U.S. authorities probe bitcoin exchanges over illegal transactions - WSJ

Tue May 20, 2014 6:44am IST

A Bitcoin sign is seen in a window in Toronto, May 8, 2014.    REUTERS/Mark Blinch

A Bitcoin sign is seen in a window in Toronto, May 8, 2014.

Credit: Reuters/Mark Blinch

Related Topics

Rajalakshmi (C), 28, smiles after winning the Miss Wheelchair India beauty pageant in Mumbai November 26, 2014. REUTERS/Danish Siddiqui

Miss Wheelchair India

Seven women from across India participated in the country's second wheelchair beauty pageant, which aims to open doors for the wheelchair-bound in modelling, film and television, according to organisers  Slideshow 

(Reuters) - Several bitcoin exchanges including the now-defunct Mt. Gox received subpoenas from Manhattan federal prosecutors this winter as they look into possible ties between the exchanges and the online drug market Silk Road, the Wall Street Journal reported on Monday, citing people familiar with the matter.

The subpoenas to Mt. Gox demanded customer-transaction logs and materials related to solicitation of investors. The report did not mention any other bitcoin businesses that received subpoenas.

Mt. Gox's lawyers advised Chief Executive Officer Mark Karpeles against going to the United States after he was summoned by a judge there to testify for a class-action lawsuit, because they were concerned he would be arrested in connection with this case.

The prosecutors and Federal Bureau of Investigation agents are examining whether the exchange and others like it may have processed transactions connected to Silk Road, the people said.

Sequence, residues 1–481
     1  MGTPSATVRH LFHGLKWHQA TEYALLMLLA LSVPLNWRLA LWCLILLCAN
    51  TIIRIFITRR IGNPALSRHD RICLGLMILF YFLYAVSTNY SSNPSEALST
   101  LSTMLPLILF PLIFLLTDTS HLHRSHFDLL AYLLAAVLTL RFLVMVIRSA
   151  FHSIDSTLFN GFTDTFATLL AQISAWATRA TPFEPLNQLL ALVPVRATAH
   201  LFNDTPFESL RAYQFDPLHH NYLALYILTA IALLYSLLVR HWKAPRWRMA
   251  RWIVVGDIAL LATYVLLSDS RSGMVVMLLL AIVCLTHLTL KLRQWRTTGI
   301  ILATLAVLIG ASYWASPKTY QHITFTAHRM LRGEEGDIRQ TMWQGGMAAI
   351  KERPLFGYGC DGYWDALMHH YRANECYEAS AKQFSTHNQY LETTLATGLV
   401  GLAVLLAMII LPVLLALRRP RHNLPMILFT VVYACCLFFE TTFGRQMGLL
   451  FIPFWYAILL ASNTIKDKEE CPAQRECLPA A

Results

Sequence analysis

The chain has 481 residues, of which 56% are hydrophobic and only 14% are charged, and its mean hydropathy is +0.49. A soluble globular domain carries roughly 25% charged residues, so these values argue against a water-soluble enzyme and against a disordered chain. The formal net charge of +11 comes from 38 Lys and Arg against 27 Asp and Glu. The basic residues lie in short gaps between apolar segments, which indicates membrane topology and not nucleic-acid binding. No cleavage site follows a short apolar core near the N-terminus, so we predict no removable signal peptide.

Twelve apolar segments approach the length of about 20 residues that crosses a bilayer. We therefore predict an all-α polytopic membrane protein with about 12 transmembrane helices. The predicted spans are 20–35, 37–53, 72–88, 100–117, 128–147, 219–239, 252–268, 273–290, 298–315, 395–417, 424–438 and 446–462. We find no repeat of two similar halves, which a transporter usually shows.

The investigation was at an early stage and there were no conclusions yet on whether the exchanges were connected with Silk Road, one of the people familiar with the matter told the paper. (r.reuters.com/wus49v)

Last month, prominent bitcoin entrepreneur Charlie Shrem was indicted by a federal grand jury in New York on charges of funneling cash to Silk Road.

Shrem, one of the digital currency's most visible promoters, is accused of conspiring with a Florida man, Robert Faiella, to sell more than $1 million in bitcoin to the users of Silk Road despite knowing that it would be spent on illegal activities including drug trafficking.

It was preceded by the arrest of alleged Silk Road founder Ross Ulbricht in San Francisco last year when he was charged in federal court in Manhattan with counts relating to drug trafficking, money laundering and computer hacking, all stemming from his alleged involvement in the illicit online marketplace, which sold drugs and criminal services in exchange for bitcoin. After Ulbricht's arrest, the government shut down the website.

(Reporting by Mridhula Raghavan in Bangalore and Sophie Knight in Tokyo; Editing by Ken Wills)

FILED UNDER:

Online Grocery Shopping

Tech Showcase

Google in Europe

Google in Europe

Insight - Behind Google's Europe woes, American accents  Full Article 

Uber Lawsuit

Uber Lawsuit

Uber CEO must turn over emails in gratuity lawsuit, U.S. judge rules  Full Article 

Wikileaks Hacker

Wikileaks Hacker

Icelandic hacker says guilty of stealing money from Wikileaks  Full Article 

Motorola Case

Motorola Case

U.S. court rejects Motorola Mobility price-fixing appeal  Full Article 

Reuters India Mobile

Reuters India Mobile

Get the latest news on the go. Visit Reuters India on your mobile device.  Full Coverage